The other big accomplishment this week was on bookkeeping day, Tuesday. We had a long list of things to do for taxes and bookkeeping and finished. It felt like a weight was lifted off my shoulders when all of those things were finally done. Don’t you just hate it when you dread doing something and keep putting it off? It is such a feeling of exhilaration when you finally get through it and to the other side.

George is in the garden as I type this. He’s planting onions and carrots today. It really has been a pretty week and wonderful to be in the garden. The whole yard is looking like Spring has sprung.

Always remember that we are just a call or email away at or 850-261-2462 and place your order.


One day Thibodeaux went up to Boudreaux. "You know Boudreaux, I think somethin' wrong wit me."

Boudreaux said, "Mais, Thibodeaux, tell me what's your problem.?"

"Well, Boudreaux," Thibodeaux said. "My whole body is in pain. Everywhere I press on my body it hurts."

"Thibodeaux, I think I know what's wrong with you." Boudreaux replied.

"Tell me Boudreaux, what could it be?"

"Thibodeaux, you need to see the doctor because your finger's broken."


French phrase of the week: Tu veux aller au bal avec moi à soir? (Do you want to go to the dance with me tonight?)


Awhile back we met with our local commissioner. During our meeting the conversation went to the environment. He said that the chemicals that we use on our lawn and the chemicals used by professional exterminators are leaching into our ground water and creating a significant problem.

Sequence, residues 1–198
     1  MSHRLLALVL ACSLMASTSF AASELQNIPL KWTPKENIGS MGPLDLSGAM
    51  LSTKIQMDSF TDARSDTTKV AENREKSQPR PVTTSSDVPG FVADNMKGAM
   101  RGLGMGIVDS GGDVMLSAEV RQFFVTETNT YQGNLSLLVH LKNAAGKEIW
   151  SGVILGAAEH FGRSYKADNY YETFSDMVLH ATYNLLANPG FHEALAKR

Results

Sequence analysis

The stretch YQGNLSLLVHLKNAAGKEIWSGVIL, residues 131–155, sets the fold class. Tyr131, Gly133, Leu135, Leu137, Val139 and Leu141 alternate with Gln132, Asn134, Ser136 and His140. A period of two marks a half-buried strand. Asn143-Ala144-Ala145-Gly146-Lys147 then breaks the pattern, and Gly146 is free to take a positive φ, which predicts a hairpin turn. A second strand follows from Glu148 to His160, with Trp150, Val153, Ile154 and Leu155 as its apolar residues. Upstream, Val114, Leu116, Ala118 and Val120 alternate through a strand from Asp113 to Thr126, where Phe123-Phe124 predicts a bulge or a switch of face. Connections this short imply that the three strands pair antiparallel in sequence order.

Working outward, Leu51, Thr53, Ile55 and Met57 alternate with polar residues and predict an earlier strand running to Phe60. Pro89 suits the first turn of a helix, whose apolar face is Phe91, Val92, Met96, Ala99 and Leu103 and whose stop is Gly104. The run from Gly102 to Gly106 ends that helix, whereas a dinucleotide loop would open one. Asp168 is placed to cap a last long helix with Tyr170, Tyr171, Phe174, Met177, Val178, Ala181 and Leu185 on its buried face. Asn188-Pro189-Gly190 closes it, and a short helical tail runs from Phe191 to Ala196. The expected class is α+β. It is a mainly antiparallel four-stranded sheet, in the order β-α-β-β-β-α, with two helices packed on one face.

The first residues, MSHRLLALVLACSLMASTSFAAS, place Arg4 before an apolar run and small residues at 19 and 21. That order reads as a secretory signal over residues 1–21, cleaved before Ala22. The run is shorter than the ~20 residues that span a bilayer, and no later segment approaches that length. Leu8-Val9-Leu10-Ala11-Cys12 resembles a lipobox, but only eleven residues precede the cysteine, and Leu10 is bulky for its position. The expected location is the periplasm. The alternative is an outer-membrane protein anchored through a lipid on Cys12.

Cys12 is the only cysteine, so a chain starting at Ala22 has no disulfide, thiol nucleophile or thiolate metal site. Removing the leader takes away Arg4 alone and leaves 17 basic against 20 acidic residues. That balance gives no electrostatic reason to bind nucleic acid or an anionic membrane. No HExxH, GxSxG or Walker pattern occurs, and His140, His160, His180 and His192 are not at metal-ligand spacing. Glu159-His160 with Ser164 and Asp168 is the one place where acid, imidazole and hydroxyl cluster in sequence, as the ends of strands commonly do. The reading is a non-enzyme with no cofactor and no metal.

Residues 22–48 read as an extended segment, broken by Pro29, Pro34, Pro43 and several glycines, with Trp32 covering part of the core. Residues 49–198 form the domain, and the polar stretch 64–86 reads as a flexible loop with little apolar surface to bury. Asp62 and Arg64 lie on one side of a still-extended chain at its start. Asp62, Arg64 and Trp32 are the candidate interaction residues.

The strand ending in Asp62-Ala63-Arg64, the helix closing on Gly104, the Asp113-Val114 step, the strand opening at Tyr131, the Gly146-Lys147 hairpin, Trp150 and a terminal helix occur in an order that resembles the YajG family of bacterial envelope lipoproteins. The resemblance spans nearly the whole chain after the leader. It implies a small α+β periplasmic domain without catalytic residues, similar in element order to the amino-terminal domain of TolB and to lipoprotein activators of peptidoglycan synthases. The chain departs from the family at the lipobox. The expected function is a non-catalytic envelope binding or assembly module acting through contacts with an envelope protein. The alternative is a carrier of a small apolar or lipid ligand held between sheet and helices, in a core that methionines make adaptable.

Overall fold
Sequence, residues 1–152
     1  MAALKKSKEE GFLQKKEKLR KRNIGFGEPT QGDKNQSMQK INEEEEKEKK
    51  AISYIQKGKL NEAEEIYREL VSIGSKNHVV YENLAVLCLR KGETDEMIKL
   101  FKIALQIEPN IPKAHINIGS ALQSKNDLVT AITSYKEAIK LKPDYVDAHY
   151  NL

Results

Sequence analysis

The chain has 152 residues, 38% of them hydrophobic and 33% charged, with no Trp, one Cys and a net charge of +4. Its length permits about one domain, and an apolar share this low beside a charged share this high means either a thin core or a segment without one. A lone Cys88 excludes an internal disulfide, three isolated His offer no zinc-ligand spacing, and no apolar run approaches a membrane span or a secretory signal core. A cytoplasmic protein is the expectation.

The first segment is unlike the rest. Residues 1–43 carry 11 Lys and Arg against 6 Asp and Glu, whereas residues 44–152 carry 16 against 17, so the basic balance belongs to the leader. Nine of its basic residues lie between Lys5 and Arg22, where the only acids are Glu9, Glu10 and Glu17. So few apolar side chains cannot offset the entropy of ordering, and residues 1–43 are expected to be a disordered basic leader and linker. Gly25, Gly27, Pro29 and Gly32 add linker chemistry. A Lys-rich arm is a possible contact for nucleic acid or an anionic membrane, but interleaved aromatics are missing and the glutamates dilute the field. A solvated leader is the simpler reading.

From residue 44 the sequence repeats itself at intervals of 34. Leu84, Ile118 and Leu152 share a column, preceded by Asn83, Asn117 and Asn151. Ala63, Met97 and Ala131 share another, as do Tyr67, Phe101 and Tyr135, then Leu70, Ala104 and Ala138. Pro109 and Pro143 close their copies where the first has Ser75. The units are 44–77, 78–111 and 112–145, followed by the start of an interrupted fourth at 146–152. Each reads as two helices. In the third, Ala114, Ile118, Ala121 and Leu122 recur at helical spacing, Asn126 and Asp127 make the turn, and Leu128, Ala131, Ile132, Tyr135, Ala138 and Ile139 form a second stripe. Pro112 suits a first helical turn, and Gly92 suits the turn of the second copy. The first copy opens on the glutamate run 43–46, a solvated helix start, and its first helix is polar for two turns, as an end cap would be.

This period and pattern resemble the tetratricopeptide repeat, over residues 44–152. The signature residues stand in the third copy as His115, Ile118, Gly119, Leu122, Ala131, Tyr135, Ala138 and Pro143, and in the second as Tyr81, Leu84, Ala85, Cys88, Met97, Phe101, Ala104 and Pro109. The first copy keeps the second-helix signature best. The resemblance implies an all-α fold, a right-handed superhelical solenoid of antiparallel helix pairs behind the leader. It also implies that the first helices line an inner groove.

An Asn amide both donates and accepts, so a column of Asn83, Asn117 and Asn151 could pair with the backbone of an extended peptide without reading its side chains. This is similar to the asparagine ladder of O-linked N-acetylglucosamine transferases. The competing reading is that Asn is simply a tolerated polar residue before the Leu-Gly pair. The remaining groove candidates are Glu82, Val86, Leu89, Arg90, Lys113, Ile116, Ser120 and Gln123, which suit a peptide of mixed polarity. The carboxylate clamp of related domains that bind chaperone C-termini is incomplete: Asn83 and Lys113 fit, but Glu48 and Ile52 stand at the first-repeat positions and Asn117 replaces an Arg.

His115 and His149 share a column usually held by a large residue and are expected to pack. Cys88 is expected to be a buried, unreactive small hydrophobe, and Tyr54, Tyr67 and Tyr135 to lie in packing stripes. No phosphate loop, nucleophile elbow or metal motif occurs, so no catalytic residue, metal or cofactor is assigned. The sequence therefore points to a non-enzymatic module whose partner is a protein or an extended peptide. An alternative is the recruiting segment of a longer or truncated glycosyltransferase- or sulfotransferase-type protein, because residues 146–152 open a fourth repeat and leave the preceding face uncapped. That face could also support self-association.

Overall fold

Why do we use chemicals and especially expensive chemicals to do a job that normal, everyday, environmentally friendly products will achieve for a low cost? Here are some tips:

1. Remove bacteria and pesticide residue from produce - Use 1 part vinegar to 3 parts water, wash produce thoroughly.

2. Clean windows and countertops - Use a 50% water and vinegar mixture to clean windows and countertops.

3. Remove shower and bathtub film - Use vinegar full strength on an old wash rag.

4. Toilet bowl stains - Use white distilled vinegar full strength with a scrubber.

5. Furniture polish - Use a 50% olive oil and vinegar mixture and polish furniture with a soft cloth. Be sure to test furniture in an inconspicuous spot first because vinegar is acidic.

6. Clean microwave - Utilize 1/4 cup of vinegar and 1 cup of water in a bowl. Place in the microwave and cook until boiling. Immediately wipe interior of microwave.

7. Wash no-wax floors - Add 1/2 cup of white distilled vinegar to a half-gallon of warm water. Mop or scrub floor.

8. Clean kitchen cutting boards - Use vinegar full strength on cutting boards.

9. Wash grass stains out of fabric - Use a 1/3 cup vinegar and 2/3 cup water mixture. Apply to stain and blot.

10. Remove molds and mildew - Use a 50% water and white vinegar mixture for light mildew stains, and full strength white vinegar to kill heavier mildew and mold growth.

Please let me know if there is something that you would like to see in the weekly email. You may always call me at (850) 261-2462 or email me at

If you are not a subscriber and would like to receive Cajun Corner weekly, please email and let me know to put you on our email list.

C’est tout, mes amis

Peggy Henshall

Cajun Stitchery

(850) 261-2462

P.S. You are always welcome to stop by and look at all of the new catalogs and pass some time with me, cher.